WASHINGTON (AFP) - President Joe Biden faced intense criticism for the chaotic withdrawal from Afghanistan but one year later both he and the United States have largely turned the page, even as the war-ravaged country still faces mounting challenges.
Biden put out a written statement to mourn 13 US soldiers killed on August 26, 2021 in a bombing outside the Kabul airport but otherwise has stayed low-key on the anniversary of the end of America's longest war, instead holding events on gun violence and democracy at home.
In a message to the armed forces, Defence Secretary Lloyd Austin paid tribute to the 2,461 US troops who died in the war and hailed Americans' efforts to build "a brighter future for the Afghan people" - now once again living under Taliban militants.
"As our country looks back on two decades of combat in Afghanistan, I understand that many people have hard questions about the costs of the war and what their sacrifices meant," said Austin, who led forces early in the war.
"These are important discussions, and I hope we will keep having them with thoughtfulness and respect."
Washington 'echo chamber'
Biden was a longstanding critic of the Afghanistan war, believing ordinary Americans had little at stake in a grinding conflict he saw as a costly distraction from other priorities.
As Kabul fell, with the government crumbling within days despite US$2 trillion (S$2.8 trillion) pumped into Afghanistan over two decades, Biden was adamant he would not back down.
One year later, Biden appears to have been right, at least in the narrow political sense.
Afghanistan figures nowhere among top priorities for Americans and a new Gallup poll found that 50 per cent of them believe the entire war was a mistake, compared with nearly universal support after the September 11, 2001 attacks prompted the invasion that toppled the Taliban.
"It's very easy to poke holes in the decision to leave without providing viable alternatives in good faith," said Adam Weinstein, a research fellow at the Quincy Institute for Responsible Statecraft, which advocates military restraint.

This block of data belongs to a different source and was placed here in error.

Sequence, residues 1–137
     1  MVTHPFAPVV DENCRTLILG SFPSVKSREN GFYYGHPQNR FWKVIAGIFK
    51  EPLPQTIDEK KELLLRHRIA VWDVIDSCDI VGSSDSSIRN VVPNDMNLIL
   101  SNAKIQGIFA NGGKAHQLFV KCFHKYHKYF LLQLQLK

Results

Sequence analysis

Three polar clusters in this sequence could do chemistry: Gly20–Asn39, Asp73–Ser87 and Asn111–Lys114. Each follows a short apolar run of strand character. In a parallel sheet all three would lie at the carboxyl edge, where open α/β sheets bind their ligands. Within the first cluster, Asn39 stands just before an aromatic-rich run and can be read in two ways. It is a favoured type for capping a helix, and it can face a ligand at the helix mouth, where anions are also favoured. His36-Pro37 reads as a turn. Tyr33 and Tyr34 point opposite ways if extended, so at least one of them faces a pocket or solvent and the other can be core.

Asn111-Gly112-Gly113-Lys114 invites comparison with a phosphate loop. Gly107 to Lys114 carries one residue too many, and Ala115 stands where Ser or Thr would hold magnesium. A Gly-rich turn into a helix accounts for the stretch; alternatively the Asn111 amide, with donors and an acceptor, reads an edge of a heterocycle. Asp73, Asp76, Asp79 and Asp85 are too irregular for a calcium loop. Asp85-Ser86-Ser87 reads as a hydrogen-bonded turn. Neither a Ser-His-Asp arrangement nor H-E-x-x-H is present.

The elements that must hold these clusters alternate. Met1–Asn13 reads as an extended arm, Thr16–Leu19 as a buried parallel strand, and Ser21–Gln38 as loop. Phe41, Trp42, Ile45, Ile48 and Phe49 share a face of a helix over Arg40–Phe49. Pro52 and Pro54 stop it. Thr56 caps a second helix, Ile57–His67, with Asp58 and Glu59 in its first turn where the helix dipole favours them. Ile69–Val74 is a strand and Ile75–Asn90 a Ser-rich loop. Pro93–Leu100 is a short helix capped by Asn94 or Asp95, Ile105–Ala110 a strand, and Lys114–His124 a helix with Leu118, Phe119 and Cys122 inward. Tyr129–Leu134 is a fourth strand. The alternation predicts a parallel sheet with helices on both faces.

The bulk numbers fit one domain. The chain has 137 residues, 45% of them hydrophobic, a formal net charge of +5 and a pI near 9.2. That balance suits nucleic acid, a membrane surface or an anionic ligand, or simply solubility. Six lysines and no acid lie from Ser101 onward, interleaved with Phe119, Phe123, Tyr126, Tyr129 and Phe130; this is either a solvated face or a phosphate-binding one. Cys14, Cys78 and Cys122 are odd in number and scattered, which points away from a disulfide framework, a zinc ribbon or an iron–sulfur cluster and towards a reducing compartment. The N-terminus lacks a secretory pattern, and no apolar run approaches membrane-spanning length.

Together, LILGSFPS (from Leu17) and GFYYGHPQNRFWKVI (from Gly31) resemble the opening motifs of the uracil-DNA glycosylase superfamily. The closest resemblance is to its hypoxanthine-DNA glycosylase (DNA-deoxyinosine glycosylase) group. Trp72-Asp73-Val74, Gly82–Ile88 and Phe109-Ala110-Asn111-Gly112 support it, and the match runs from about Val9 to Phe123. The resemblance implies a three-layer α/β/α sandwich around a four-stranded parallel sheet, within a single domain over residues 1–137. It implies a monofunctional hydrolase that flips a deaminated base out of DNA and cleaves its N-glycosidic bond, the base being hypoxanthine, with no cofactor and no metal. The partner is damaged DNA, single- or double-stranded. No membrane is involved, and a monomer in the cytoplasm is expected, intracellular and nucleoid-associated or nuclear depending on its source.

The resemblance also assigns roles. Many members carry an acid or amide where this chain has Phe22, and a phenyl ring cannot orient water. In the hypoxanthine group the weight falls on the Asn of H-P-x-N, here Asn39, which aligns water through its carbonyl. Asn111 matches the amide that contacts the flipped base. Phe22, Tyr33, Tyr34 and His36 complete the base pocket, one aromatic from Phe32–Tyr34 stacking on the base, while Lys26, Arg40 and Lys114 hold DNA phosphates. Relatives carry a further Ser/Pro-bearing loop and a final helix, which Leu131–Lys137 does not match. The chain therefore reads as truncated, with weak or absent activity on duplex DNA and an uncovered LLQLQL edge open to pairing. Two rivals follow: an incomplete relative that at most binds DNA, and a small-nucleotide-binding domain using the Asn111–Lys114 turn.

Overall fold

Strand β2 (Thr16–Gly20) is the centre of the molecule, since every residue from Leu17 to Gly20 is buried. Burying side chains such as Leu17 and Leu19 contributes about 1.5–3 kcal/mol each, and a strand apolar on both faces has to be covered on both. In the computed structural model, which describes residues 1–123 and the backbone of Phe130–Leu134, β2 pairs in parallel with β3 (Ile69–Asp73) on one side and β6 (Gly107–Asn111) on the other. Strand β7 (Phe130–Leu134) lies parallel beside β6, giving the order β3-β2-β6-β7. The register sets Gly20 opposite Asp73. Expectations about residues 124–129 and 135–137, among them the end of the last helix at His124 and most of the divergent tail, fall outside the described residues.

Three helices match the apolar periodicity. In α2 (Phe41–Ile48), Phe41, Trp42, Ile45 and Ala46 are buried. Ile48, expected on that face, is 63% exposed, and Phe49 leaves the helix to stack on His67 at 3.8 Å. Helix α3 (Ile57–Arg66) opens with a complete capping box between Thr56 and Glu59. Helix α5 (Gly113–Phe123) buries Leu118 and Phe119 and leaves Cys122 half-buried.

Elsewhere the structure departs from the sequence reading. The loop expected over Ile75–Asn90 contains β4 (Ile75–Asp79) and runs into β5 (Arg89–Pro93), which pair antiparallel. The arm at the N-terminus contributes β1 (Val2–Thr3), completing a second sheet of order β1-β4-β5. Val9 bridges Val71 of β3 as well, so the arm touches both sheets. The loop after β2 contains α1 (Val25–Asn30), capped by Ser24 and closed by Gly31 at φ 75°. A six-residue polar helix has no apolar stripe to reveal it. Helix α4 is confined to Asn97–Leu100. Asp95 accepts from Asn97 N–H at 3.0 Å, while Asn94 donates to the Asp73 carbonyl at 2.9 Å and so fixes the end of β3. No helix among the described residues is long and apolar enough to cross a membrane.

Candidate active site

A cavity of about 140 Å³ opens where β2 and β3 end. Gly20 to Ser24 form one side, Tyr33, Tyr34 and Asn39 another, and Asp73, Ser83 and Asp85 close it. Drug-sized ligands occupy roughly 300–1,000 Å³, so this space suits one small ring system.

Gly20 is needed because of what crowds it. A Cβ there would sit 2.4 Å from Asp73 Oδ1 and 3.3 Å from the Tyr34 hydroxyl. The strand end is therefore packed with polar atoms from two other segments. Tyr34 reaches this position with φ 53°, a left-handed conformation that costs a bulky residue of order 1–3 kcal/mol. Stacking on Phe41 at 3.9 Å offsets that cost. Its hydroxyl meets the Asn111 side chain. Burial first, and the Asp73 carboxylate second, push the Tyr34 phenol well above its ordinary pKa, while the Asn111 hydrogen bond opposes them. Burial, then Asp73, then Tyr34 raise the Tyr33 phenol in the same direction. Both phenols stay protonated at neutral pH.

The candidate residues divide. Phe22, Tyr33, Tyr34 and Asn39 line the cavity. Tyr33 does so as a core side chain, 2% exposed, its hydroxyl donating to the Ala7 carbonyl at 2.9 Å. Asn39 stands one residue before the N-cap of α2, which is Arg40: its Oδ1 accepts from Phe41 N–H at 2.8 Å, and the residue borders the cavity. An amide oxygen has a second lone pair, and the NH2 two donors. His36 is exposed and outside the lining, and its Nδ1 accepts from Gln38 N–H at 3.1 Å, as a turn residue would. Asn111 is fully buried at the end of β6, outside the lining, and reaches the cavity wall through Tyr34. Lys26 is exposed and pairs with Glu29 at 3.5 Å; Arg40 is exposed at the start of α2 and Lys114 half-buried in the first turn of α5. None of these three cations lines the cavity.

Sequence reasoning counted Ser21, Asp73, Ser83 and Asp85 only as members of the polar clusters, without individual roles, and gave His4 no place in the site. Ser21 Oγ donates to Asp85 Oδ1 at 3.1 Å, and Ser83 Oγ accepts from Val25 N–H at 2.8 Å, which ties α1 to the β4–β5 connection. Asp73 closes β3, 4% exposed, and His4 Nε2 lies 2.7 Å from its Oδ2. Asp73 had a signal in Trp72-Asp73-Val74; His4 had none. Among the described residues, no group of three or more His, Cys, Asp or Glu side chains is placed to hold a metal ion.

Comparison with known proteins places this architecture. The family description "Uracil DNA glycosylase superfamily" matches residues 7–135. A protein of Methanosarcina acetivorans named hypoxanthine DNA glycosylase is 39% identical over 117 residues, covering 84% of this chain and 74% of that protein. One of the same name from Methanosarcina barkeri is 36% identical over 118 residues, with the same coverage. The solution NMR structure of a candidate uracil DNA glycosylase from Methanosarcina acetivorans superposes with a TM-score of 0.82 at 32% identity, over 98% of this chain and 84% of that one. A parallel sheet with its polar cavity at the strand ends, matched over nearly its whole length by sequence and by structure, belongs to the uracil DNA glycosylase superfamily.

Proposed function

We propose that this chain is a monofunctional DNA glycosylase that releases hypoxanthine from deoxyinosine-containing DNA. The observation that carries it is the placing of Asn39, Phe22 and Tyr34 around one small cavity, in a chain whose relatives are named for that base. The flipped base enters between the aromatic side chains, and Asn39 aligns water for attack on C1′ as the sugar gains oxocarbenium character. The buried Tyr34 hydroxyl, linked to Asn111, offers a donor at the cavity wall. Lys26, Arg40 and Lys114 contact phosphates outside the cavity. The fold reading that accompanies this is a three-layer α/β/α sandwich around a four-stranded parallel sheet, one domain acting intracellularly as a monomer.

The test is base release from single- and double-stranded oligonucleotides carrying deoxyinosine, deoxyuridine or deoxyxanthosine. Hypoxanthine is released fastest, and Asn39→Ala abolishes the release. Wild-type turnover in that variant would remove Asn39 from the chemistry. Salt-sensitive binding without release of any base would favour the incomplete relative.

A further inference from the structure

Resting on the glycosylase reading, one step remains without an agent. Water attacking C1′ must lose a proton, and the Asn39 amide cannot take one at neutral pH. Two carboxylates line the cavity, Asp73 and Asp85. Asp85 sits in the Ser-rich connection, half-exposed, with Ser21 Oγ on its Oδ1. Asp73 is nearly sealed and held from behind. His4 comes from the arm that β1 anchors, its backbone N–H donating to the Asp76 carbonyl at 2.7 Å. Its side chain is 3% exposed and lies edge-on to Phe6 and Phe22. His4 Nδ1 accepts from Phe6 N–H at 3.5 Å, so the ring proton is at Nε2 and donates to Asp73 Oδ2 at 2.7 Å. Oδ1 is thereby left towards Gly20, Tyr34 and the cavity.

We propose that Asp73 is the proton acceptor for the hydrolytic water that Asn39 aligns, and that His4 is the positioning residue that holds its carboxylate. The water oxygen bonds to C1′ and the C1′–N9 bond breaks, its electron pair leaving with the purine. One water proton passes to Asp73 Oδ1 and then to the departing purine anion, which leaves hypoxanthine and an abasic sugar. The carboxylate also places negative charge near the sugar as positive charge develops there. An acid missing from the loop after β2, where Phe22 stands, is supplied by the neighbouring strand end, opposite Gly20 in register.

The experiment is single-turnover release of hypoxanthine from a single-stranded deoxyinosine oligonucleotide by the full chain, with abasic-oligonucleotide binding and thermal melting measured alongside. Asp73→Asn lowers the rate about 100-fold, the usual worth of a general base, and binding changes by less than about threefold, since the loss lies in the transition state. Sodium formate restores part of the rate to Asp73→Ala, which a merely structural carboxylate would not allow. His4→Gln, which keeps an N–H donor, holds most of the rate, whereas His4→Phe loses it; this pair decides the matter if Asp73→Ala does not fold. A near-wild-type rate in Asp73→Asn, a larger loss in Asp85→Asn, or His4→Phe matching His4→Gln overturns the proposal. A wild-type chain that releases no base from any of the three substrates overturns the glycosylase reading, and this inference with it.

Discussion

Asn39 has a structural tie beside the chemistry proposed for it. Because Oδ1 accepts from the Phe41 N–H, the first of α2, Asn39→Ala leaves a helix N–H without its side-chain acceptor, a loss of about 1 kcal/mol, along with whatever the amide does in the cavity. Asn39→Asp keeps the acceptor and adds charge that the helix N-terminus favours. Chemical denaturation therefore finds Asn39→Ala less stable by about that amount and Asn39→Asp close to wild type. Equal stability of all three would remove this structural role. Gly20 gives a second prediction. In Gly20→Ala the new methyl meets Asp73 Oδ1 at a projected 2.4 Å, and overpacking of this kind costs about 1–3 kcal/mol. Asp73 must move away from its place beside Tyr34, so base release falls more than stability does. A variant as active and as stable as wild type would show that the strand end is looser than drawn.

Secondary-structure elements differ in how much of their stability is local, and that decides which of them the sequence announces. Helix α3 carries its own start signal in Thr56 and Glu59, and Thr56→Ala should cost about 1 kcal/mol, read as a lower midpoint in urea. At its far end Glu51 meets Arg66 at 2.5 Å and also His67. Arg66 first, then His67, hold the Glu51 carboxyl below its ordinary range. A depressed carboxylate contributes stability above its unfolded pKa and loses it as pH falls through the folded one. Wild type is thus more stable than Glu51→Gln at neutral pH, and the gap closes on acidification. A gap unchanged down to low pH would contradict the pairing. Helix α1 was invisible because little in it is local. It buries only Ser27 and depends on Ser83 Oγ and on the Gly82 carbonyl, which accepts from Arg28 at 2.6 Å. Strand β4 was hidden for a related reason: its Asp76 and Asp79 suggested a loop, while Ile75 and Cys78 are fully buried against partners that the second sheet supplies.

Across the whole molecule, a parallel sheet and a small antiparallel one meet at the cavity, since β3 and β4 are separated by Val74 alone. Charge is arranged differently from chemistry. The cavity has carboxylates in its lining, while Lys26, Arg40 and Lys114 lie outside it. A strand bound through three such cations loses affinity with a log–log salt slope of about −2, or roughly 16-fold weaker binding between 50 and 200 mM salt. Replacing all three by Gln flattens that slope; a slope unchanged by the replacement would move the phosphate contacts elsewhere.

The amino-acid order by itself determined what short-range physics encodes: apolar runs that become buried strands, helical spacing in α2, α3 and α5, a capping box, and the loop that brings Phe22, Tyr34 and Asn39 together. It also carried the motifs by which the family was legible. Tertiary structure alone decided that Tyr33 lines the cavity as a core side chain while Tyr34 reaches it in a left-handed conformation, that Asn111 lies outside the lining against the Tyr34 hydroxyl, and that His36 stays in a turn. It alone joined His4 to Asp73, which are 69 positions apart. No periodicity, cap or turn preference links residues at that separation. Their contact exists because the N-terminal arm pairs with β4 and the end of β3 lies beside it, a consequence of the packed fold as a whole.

"DC is its own echo chamber in which a few people are discussing it but for the majority of Americans, it's not an anniversary that matters to them," he said.
"They're worried about inflation, student debt, the divisions that exist in our country and so forth. They're not thinking about the one-year anniversary of a war that most of the country had no stake in."
But the scenes from Afghanistan preceded a sharp drop in the approval rating of Biden, who was elected promising smooth, competent leadership after the pandemonium under his predecessor Donald Trump.
Afghanistan was not the only factor, with Covid-19 cases also spiking at the time. But one year later, Biden's approval rating, while still underwater, has been rebounding after key legislative wins.
'Betrayal' for women
The Afghanistan war, which stretched over four presidencies, no longer defines Biden's foreign policy after six months of intense efforts to arm Ukraine and isolate Russia for its invasion.
Biden has kept up aid to Afghanistan while bypassing the Taliban and proved his argument that the United States could fight terrorism without boots on the ground by ordering a drone strike in Kabul that killed Al-Qaeda chief Ayman al-Zawahiri.
Critics question why Zawahiri was living in the Afghan capital at all. And the Taliban's return has been a punch in the gut to those who fought for a different Afghanistan, especially one that ensures the rights of women and girls, once again denied education under the militants' austere interpretation of Islam.
Teresa Casale, executive director of Mina's List, which advocated a role for women in Afghan negotiations, said that guarantees should have been in place before the US military left.
"The withdrawal, without that, we absolutely categorise as a disaster and I would even go further to say a betrayal," she said.
"Afghanistan has turned into the worst women's rights crisis on Earth while a little bit over a year ago 27 per cent of the parliament were women."
She faulted both Trump for negotiating directly with the Taliban and Biden for ordering an unconditional pullout before Afghan talks could advance.
While Trump sealed the withdrawal with the Taliban, his Republican Party has roundly criticised the Biden administration's handling of it and has vowed hearings on Afghanistan if it wins November congressional elections.
"Because of their actions, or lack thereof, the fallout of this debacle has irreparably harmed both our national security and global image," said Republican Representative Mike Waltz.